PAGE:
The scene and the dialogue are no doubt unusual (and probably slightly retouched by Ginestet for effect), but nonetheless they are quite plausible, for they feature Philippe de Rothschild, the peasant who lived in silk pajamas, as he liked to say, and who translated Shakespeare in bed—a man as far removed from commonplaces as he was from ordinary wines. Anybody else in Bordeaux would have served a white Haut-Brion or a Carbonnieux—indeed a dry Doisy-Daëne or a Y d’Yquem—on such an occasion.

It is probable, too, that Philibert de Laguiche, thanks to the fruit of these exchanges, sometimes arranged surprising marriages for his guests in Burgundy. Let us imagine the scene. In his Château de Chaumont, in the Saône-et-Loire, the marquis is entertaining Robert Drouhin, the director of the venerable house of Joseph Drouhin in Beaune. Drouhin has the privilege of cultivating 2,625 hectares, as well as making and selling the hundred or so hectoliters of Montrachet produced by the Laguiche family, which for three centuries has possessed the largest parcel (out of a total area of almost 8 hectares) of this appellation. The menu includes a lièvre à la royale, the hare having been marinated for a long time and slowly simmered in the lees of the wine to be served with the dish, which for any self-respecting Burgundian would be a grand cru, either Gevrey or Vosne. The guests are surprised to find themselves presented instead with a very dark wine in a carafe (the practice in Burgundy is to serve wine in bottles). A nectar whose provenance they cannot guess sends them into ecstasies. Our red wines from the Côte de Beaune are too delicate to stand up to wild rabbit, Philibert de Laguiche observes. Rather than resort to the nobility of the Côte de Nuits, I thought that the structure and smoothness of a 1945 Mouton would go well with the powerful and sensual aromas of the noblest game of our fields. One might invert the tale and imagine a Volnay escorting an agneau de Pauillac roasted over vine stock and shoots, the lamb being accompanied by a few boletus mushrooms sautéed in the Bordelaise manner; or, more daringly, a fully mature Sauternes with an Époisses almost past its time, followed by—indeed, served with—a slice of warm gingerbread from Mulot et Petitjean in Dijon. A fireworks display for the nose!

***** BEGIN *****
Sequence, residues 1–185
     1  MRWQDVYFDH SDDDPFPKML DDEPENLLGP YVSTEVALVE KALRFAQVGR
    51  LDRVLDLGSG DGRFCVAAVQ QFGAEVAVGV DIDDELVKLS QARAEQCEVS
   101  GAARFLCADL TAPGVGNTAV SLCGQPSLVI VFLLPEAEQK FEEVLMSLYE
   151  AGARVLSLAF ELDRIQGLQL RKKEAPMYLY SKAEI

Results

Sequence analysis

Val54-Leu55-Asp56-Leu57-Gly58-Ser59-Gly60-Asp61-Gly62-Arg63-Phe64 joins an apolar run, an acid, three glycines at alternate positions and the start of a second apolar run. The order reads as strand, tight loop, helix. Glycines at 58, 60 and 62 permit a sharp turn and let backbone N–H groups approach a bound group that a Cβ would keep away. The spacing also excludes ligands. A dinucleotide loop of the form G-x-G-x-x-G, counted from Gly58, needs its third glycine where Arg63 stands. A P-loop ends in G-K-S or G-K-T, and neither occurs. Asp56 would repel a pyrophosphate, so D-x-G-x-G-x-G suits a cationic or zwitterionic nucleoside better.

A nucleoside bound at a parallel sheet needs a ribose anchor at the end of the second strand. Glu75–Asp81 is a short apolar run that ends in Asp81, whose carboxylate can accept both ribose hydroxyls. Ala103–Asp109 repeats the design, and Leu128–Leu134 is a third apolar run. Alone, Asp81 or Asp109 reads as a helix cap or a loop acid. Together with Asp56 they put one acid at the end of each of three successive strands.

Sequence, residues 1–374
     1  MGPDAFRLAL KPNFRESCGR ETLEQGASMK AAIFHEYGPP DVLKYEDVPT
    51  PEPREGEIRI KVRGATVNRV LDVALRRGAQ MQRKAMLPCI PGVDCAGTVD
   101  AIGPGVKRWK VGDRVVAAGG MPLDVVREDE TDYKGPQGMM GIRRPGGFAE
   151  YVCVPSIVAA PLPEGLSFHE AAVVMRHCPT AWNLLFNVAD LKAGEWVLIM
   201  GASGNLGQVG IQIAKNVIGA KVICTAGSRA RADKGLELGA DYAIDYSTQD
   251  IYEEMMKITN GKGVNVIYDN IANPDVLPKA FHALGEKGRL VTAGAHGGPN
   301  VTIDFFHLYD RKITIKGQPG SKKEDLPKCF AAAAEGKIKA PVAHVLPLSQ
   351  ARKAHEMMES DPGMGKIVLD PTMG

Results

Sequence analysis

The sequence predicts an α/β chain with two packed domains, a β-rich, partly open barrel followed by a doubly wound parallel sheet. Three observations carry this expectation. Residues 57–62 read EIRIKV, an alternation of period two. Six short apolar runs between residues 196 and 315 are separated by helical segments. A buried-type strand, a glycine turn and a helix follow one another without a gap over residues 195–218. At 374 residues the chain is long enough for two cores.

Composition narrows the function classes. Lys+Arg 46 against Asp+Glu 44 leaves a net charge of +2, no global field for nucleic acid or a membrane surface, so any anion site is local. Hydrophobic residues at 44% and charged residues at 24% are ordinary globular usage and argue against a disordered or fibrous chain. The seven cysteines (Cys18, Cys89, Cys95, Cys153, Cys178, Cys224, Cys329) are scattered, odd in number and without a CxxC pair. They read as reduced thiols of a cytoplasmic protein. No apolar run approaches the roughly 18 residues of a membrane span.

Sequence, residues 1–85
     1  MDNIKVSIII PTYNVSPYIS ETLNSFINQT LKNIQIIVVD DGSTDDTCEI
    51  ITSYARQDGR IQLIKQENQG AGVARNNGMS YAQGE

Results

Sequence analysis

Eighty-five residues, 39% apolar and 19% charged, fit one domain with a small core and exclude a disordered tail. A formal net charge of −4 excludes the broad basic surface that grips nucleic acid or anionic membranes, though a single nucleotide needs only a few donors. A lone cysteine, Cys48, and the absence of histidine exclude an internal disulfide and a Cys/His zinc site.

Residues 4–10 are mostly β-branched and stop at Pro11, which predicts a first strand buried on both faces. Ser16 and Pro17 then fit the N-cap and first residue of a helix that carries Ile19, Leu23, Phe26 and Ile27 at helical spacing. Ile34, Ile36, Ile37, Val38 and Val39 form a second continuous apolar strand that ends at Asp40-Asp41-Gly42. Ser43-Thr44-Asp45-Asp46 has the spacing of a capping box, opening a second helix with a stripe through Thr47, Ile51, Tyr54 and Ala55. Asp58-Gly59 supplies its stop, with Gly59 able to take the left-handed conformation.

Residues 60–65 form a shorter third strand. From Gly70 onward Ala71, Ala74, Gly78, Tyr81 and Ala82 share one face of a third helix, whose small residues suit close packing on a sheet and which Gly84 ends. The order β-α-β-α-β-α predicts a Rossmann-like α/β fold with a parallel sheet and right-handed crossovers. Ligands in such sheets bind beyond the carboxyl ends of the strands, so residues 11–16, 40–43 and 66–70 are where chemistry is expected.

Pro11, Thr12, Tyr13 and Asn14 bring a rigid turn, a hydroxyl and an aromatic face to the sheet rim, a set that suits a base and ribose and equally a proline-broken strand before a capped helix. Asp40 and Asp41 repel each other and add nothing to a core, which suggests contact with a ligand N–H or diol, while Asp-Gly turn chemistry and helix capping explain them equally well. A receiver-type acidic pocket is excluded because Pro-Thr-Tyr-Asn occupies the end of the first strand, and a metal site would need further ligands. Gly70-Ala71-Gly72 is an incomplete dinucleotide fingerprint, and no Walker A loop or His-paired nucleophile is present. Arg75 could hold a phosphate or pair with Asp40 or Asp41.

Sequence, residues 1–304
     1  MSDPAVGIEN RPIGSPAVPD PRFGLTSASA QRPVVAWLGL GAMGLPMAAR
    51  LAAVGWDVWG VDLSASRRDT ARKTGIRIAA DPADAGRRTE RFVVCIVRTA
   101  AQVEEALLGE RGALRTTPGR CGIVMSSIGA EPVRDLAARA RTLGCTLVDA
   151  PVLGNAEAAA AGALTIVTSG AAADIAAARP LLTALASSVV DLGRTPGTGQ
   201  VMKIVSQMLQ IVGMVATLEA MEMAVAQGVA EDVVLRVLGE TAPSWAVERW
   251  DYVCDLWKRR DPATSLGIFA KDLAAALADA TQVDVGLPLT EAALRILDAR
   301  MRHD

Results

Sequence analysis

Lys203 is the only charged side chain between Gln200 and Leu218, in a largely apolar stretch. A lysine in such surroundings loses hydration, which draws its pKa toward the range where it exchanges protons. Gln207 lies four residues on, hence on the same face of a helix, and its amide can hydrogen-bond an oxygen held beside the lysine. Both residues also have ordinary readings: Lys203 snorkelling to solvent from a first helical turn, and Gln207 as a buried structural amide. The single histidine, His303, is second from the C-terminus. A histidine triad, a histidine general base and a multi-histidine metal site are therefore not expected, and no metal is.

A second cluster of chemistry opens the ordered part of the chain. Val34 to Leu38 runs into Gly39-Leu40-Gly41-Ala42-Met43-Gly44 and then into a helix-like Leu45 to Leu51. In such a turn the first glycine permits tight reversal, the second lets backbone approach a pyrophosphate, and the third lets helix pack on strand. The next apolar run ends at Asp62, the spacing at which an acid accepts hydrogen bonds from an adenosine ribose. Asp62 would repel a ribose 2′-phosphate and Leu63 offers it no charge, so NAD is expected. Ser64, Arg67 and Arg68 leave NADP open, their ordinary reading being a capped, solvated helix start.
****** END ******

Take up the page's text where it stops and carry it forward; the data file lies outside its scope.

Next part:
Exchanges of this sort are unfortunately exceptional in both the Gironde and the Côte d’Or.¹⁰ Seldom do they do each other such favors. Ask the natives of these two universally renowned wine-producing regions about each other, or read what they have written, and you will not find the slightest sign of sympathy or fellow feeling. They are not from the same world—a fact they miss no occasion to proclaim loudly and clearly. Not content to ignore each other, hardly tasting each other’s wines, they delight in denigrating each other more or less fiercely.

The Bordelais are annoyed by the subtle smells of the great pinots, by their color, which is often less bold than the reds of the Gironde, and by the fact that these wines nonetheless manage to overwhelm the head and the senses with lighthearted ease. They are a bit jealous, too, of the best chardonnays, tinged with the flavor of honey like their sweet, strong white wines, yet at once dry, full-bodied, and round. But above all they are irritated by the division of minuscule appellations into a multitude of parcels belonging to many owners: to the Bordelais mind, such a practice is incomprehensible and unjustifiable.¹¹ Jean-Paul Kauffmann, who, though he is not originally from the Gironde, sang the praises of its wines for years as the editor-in-chief of L’Amateur de Bordeaux, comes straight to the point: The system of classification of Burgundies is a work of art, but, like all works of art, it contains an element of mystery. Its beauty is a real puzzle. … Burgundy, with more than a hundred different appellations, is as complex as the duchy of the same name in the time of Charles the Bold. With fifty-one hectares, the Clos Vougeot consists of some ninety parcels divided among eighty different owners. Nothing lasting can be built on such subtleties.¹²

Let it be said, too, that the Bordelais find it hard to get along with these crafty, food-loving peasants, whose hands are calloused and deformed by manual labor, their heads habitually covered by an old cap; who roll their rs and who are given to telling crude jokes when they get together, drinking to excess like their ancestors, the bearded Gauls and ancient Burgundians. None of this prevents them from having access to large piles of money, in the form of real estate and business profits both, which they spend on expensive foreign cars like so many vulgar nouveaux riches.

Some years ago, the television host Bernard Pivot devoted his Christmas show to the subject of good eating and fine wine. One of his guests, the Bordelais Jean Lacouture, expressed a rather favorable opinion of one glass he was given to taste. On learning that it was a fine Burgundy, Lacouture replied, Burgundy, really? I had no idea. It’s excellent, but just the same I prefer wine. Some years later he acknowledged having issued this backhanded compliment, saying that he still did not understand Burgundies and could fully appreciate only Bordeaux.¹³ It is true that poor Jean Lacouture is much to be pitied, suffering as he does from a dramatic impairment of the faculty of taste known as anosmia, or insensitivity to smells—a fatal impediment in the case of Burgundy!¹⁴